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OEM Opportunities Emerge in Russia's Toys and Kids' Market

Junior sector remains buoyant, but many retailers now looking to cut supplier and logistics costs.

Photo: SMYK: No toy store closures during Russia’s recession.
SMYK: No toy store closures during Russia's recession.
Photo: SMYK: No toy store closures during Russia’s recession.
SMYK: No toy store closures during Russia's recession.

Whatever the vagaries in the wider economy, Russia's market for toys, games and children's products has always remained buoyant, with this current downturn proving no exception. The sector has largely benefited from the desire of many Russian parents to prioritise their children, no matter what deprivations they themselves are facing.

While many of Russia's retail outlets have been hard hit as a result of the fluctuations in the rouble and the EU/US sanctions, the children's sector has been relatively unscathed. Up until now, none of the country's chain stores specialising in the junior market has faced serious financial difficulties. Indeed, Poland's SMYK, the largest overseas player in the sector, has weathered the economic storm without having to close a single outlet.

According to industry research, annual sales in the toys sector will reach RUR516 billion (US$9 billion) in 2015, a growth of 1.5% year-on-year. While many have taken some reassurance from the figures, the underlying trends in the market have changed significantly as a consequence of the current recession. Any downward momentum, though, is not as marked in this sector as in other areas of the Russian economy, notably with regard to such items as cars, real estate and white goods. All of these latter sectors have suffered from the curse of "delayed demand”, with consumers postponing purchases in the hope of better times to come.

The long-term outlook in the toys and children's product sector, though, has proved a cause for concern for many local manufacturers. This has been exacerbated by the plans of many retailers to squeeze margins, reduce order sizes and cut overall logistics costs.

This has seen widespread reports that a number of chains – notably Detsky Mir, Behemoth and Dochki-Synochki – are now placing their 2016 orders with OEM manufacturers in Russia and Belarus rather than buying local brands. Among the manufacturers likely to benefit are Ralf Ringer, Sky Lake, Midisa and the BTK Group, the four largest manufacturers in the Eurasian Customs Union of Russia, Kazakhstan, Belarus, Armenia and Kyrgyzstan.

In the past, retailers in the sector had aimed to carry stock that was at least 25% locally sourced, although in terms of garments and footwear some retailers – notably Dochki-Synochki – took 70% of their range from local manufacturers. This, though, has changed, with even Dochki-Synochki now sourcing from cheaper Asian suppliers across a range of product sectors, including clothing and footwear, as well as plastic and electronic toys and games.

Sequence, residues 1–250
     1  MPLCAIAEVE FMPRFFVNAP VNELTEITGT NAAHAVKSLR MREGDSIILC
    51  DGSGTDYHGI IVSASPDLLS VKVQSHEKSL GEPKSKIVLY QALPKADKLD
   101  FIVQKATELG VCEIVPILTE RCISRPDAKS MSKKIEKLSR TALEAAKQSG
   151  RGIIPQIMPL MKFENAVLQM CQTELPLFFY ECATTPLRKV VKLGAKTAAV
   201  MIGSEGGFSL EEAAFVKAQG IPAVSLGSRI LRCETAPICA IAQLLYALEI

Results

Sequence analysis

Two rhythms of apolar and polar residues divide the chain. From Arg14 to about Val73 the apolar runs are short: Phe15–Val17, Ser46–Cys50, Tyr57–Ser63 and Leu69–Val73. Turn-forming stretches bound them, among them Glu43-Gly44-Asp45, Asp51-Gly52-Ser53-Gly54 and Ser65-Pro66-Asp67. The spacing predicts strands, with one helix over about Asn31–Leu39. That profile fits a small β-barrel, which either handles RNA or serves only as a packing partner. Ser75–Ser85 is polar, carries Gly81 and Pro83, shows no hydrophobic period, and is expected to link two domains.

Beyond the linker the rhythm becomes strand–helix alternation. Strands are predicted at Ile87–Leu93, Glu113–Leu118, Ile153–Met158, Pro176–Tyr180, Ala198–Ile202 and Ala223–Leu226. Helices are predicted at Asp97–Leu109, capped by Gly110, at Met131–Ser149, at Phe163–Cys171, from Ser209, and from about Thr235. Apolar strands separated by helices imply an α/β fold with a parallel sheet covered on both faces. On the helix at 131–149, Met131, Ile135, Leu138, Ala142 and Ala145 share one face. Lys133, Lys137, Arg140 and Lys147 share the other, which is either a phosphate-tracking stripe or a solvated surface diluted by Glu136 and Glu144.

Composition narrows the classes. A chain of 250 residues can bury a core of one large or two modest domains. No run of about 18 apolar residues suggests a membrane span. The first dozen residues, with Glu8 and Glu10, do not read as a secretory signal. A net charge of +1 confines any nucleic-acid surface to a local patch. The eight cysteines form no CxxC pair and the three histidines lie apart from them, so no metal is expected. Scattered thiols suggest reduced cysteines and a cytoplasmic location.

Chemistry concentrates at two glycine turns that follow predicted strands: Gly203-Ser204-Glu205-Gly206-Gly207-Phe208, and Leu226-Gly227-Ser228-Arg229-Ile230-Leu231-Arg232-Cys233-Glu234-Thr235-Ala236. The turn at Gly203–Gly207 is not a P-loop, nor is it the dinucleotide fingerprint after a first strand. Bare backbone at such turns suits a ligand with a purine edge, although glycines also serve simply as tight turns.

Similarly, Gulliver & Co Trading House, Russia's largest and oldest toys and games wholesaler, now places few orders with local manufacturers, opting instead to deal with Southeast Asian suppliers. The company maintains it is the inability of local manufacturers to quickly adapt to changing market trends that has forced its hand here.

Suppliers and manufacturers in Southeast Asia who are interested in targetting the Russian market are advised to visit the websites of the retailers involved in the sector as they will provide a clear steer as to the country's most in-demand products. Overall, producing licensed toys would seem one of the most promising routes in an area where many local Russian manufacturers perform poorly.

Photo: No hello for Kitty.
No hello for Kitty.
Photo: No hello for Kitty.
No hello for Kitty.
Photo: Steaming in: Chuggington trains.
Steaming in: Chuggington trains.
Photo: Steaming in: Chuggington trains.
Steaming in: Chuggington trains.

With Russian children fully au fait with many of the latest Western cinema releases, including Star Wars and Madagascar, related products are often at a premium. It should be noted, though, that not every imported licensed product is a guaranteed hit in Russia, with Hello Kitty being a notable and costly misfire. Many other brands though, including the Smurfs and Chuggington Trains, have found a ready welcome among Russian children.

Leonid Orlov, Moscow Consultant

Content provided by Picture: HKTDC Research
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